Being able to successfully and productively utilize digital technology is becoming an increasingly important skill in today's workplace. Because of this increase, teaching and encouraging digital literacy within your schools and classrooms is an extremely important component of helping students develop college and career readiness.
Below are five effective methods that can help you, as an educator, enhance student digital literacy inside and outside of the classroom via educational technology and blended learning environments.
Explain what digital literacy actually means to your students
Discuss with your students what it means to be digitally literate. Make sure they are aware that the skill requires them to go beyond just knowing how to use computers and other devices.
It is important for your students to be able to find reliable sources of information, evaluate the quality of those resources, and effectively utilize technology to create and share various types of media and thought. Recognizing potential dangers online, including connecting with strangers, phishing, and hacking is also crucial.
Model proper online skills to your students
Set aside class time to show students how different websites and online resources function and model the proper thought process required when determining the validity of an online source. The modeling process should be ubiquitous for any web-based resource you introduce within the curriculum.
Help students recognize how to quickly and efficiently find the knowledge they are looking for and walk them through valuable resources they can use as a quality benchmark. Also, don't be afraid to show them a few poor resources to help create the distinction between "good and bad".
Additionally, your students can learn proper online skills by interacting with you digitally from home and outside of the classroom. Creating a blog or a community educational page on the web helps students develop an understanding of how the internet can be used productively and proactively. Encourage students to create well-constructed responses to open-ended questions to develop both critical thinking skills and solid digital literacy abilities.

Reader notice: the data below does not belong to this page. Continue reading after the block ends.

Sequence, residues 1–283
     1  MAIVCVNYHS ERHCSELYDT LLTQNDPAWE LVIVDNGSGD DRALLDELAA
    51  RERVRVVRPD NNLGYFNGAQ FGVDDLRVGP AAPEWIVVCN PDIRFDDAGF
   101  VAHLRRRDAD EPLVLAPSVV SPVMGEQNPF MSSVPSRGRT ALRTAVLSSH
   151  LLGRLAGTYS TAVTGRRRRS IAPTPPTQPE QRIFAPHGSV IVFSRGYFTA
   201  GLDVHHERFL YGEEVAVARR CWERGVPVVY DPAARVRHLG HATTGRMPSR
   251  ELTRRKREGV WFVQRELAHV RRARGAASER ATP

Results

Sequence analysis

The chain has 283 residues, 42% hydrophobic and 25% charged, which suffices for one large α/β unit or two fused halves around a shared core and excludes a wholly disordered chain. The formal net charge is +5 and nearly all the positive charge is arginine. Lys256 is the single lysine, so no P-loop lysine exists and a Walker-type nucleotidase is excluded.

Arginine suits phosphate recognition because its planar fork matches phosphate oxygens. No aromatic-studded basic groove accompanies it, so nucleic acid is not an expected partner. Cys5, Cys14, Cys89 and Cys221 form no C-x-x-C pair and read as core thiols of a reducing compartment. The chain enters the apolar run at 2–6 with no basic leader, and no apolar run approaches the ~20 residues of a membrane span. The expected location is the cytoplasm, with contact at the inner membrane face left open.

Make use of student devices during lessons
If I had to guess, your students are most likely beyond willing to use their own smartphones, laptops, and tablets within in the classroom. If your school/district supports a BYOD policy, you can take advantage of that desire to create a solid blended learning experience.
By incorporating student-owned devices, your kiddos will be using devices and technology they are already familiar with. This strategy has repeatedly shown increased student focus and engagement. For instance, try having students complete a digital task via their own device (whether it be a game, digital lesson, or other resource) and then administer group/class discussions in which students can talk about what they felt worked well from an online aspect, and what did not.
Assign homework and activities that require the internet and online resources
The more time and effort students allot researching and evaluating information online, the better they will become at selecting reliable, valuable information from trusted authorities and understanding digital functionality. Design assignments that require your students to use critical thinking while interacting with the internet.
Ramping up critical thiking opportunities via online learning can be done in a variety of ways, whether it be through the Flipped Classroom model or other various blended learning environments. Seek out fun and effective learning tools and content resources that allow you to see both achievement and real-time status. After your students complete their online homework/activities, encourage peer evaluation between one another and open class-wide discussion.
Create a virtual classroom experience
Via collaborative online documents and programs, students can take charge by posting notes, photos, or videos of important lesson information and experiences they learned during the classroom and homework activities. A dedicated program/site that is built, editied, and modified by you and your students is a great way to scaffold/reinforce learning while building student digital literacy at the same time.
Try to make use of sites that allow multiple user contributions, like Kidblog, and make participation (commenting on fellow classmates' posts, etc.) a part of your daily lesson plans and overall curriculum. Doing so will help your students develop the ability provide thoughtful and productive feedback to their peers, and even you!
Tell us about your efforts to promote digital literacy
These five points are obviously not comprehensive, and we'd love for you to help us tell the rest of story! What are some of the strategies you have used withiin the classroom? Have you found some strategies that work better than others?
Share your stories and concerns in the comments below or with us on Twitter -- @Wowzers.